International Finance @MIlken Institute
This report uses the Global Opportunity Index and its different categories to assess the Gulf Cooperation Council (GCC) countries' improvements in 2019. More specifically, it compares the GCC countries' performances to those of a reference group, the upper-middle-income countries. The analysis provides a better understanding of the countries' economic development and readiness to welcome a more diversified pool of international investors.
This report uses the 2021 Global Opportunity Index and its different categories to provide an overview of Latin America's attractiveness to foreign investors, especially when compared to other emerging markets and developing economies (EMDE). It also offers an in-depth look at Latin America's global capital inflows (emphasizing their composition and evolution over the past decade) and the regions' cross-border M&A activity.
Bahrain differentiates itself from its larger neighbors by highlighting its well-trained population and low cost of living and running a business. This report shows that these factors, combined with an innovative regulatory environment, attract a more diversified pool of foreign investors, especially venture capital and other alternative financial investors in sectors such as information and technology or tourism.
Attracting foreign investors into emerging market economies has been made more arduous by rising U.S. interest rates and heightened geopolitical risks. As their share of capital inflows grows, emerging market economies have also diversified the composition of these inflows away from foreign direct investment (FDI) toward bank and portfolio capital.
This viewpoint focuses on the M&A landscape of Southeast Asia. Among the key findings for 2017 are: M&A flows into the Association of Southeast Asian Nations (ASEAN) are growing and when measured as a share of the region's overall GDP, they have kept pace.
The Global Opportunity Index (GOI) assesses the attractiveness of potential investment opportunities in key countries. This year's focus on recent developments in Europe builds on our past research examining capital flows and financial regulation in the region.
Asia is gaining attractiveness and stands out as the most prolific economic region for global investors in the new Global Opportunity Index. Hong Kong and Singapore remain on top of the ranking as the most desirable countries for investment, while Japan and Thailand undergo a particularly promising rise.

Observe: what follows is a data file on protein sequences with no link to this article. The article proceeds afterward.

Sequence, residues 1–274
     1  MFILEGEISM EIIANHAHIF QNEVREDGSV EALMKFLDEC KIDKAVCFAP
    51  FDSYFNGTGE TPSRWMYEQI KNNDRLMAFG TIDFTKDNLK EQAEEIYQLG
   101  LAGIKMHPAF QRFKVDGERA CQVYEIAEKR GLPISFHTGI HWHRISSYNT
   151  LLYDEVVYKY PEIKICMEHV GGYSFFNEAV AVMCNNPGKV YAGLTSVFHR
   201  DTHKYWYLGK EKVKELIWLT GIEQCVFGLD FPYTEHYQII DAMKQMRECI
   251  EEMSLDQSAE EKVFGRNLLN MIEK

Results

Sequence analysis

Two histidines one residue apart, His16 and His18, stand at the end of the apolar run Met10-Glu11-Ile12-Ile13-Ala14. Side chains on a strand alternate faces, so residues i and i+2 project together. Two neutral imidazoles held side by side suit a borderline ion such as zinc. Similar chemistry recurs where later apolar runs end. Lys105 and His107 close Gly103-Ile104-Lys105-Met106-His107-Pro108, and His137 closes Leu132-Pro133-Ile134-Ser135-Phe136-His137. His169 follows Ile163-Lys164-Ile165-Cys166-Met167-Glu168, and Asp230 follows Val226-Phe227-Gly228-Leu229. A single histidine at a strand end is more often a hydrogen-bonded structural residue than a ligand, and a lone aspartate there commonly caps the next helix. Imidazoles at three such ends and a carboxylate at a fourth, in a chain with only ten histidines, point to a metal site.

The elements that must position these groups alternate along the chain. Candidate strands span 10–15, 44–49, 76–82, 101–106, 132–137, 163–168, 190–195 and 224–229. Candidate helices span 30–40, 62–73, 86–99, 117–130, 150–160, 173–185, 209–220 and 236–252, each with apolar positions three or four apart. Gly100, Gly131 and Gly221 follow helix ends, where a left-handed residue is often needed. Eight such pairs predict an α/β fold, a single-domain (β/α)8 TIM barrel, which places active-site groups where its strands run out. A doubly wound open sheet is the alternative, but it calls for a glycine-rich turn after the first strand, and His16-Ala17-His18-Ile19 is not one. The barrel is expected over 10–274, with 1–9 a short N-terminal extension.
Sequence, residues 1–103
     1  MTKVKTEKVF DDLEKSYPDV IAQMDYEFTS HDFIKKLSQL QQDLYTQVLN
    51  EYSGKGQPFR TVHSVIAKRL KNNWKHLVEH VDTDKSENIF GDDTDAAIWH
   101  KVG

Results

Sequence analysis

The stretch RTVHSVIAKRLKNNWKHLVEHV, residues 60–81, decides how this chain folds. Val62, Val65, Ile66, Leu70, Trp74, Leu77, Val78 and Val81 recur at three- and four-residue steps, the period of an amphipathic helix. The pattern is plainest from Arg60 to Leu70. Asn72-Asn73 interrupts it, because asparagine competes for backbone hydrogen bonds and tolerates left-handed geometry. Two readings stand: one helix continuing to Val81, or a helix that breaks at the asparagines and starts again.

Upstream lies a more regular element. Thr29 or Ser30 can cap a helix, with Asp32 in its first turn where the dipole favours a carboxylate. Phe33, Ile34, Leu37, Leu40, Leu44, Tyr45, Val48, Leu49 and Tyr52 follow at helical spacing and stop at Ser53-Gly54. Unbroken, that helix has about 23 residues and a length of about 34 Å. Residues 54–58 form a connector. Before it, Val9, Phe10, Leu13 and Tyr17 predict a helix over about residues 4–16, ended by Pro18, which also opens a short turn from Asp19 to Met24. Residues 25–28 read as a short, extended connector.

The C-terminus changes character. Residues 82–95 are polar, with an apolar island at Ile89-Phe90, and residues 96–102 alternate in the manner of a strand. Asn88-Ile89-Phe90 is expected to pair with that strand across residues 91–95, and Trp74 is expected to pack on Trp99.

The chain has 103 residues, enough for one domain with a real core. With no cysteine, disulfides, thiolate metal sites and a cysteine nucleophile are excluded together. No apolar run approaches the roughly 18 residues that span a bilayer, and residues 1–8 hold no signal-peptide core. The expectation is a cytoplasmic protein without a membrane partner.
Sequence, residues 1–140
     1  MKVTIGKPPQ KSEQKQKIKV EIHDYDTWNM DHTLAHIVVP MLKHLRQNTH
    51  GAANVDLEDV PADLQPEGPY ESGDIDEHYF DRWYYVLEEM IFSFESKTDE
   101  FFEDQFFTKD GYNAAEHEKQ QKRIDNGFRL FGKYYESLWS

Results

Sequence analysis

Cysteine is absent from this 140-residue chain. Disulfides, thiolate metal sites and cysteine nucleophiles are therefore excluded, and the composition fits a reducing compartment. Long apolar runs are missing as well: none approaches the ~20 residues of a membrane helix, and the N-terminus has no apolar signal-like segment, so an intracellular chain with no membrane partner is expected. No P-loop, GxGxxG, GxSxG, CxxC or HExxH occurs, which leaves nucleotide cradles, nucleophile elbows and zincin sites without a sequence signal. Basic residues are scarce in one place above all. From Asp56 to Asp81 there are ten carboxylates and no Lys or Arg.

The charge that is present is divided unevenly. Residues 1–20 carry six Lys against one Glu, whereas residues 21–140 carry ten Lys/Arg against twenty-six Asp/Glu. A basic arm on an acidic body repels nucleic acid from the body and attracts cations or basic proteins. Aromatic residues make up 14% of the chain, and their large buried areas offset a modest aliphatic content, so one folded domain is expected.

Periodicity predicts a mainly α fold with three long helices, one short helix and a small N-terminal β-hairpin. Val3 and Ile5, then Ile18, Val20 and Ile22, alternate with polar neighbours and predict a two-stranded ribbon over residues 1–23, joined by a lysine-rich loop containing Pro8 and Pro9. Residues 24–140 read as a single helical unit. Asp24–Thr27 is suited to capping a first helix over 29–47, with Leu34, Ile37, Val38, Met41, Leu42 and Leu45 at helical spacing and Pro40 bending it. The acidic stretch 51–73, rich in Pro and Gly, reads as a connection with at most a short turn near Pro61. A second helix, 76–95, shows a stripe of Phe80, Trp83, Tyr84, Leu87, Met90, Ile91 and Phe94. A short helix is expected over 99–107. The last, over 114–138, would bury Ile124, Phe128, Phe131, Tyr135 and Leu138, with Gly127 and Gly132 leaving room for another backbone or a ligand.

International capital flows and cross-border financial integration remain omnipresent in the European political debate as countries struggle with low and divergent GDP growth, new European financial regulation and the anticipation of Brexit. In such a shifting environment, this report first identifies some of the more recent patterns in the landscape of European gross cross-border investment followed by a closer look at banking and portfolio investments.
Based on the 2016 edition of the Milken Institute Global Opportunity Index, the report assesses the attractiveness of Asian countries to foreign investors and provides a closer look at the composition of Asia's capital inflows.
China has become an engine of the world economy, contributing 20 percent of global GDP growth in 2015. For most of the past two decades, China has run surpluses on both its current and financial accounts, resulting in a significant accumulation of foreign exchange reserves. However, this situation has changed.
A Golden Opportunity With China: How California Can Become an Even Bigger Destination for Chinese Foreign Investment
Since embarking on its era of economic growth and expansion in 1979, China has played an increasingly large role in the global economy and now ranks as the world's second-largest economy. California-itself the world's eighth-largest economy and the principal trade gateway between the United States and China-has been a key beneficiary of this growth.
While large businesses have resumed international trade at levels seen before the financial crisis, small- and medium-sized enterprises (SMEs) have not fared as well. For these firms - the backbone of economies everywhere - growth is impeded by the limited availability of bank loans to finance trade.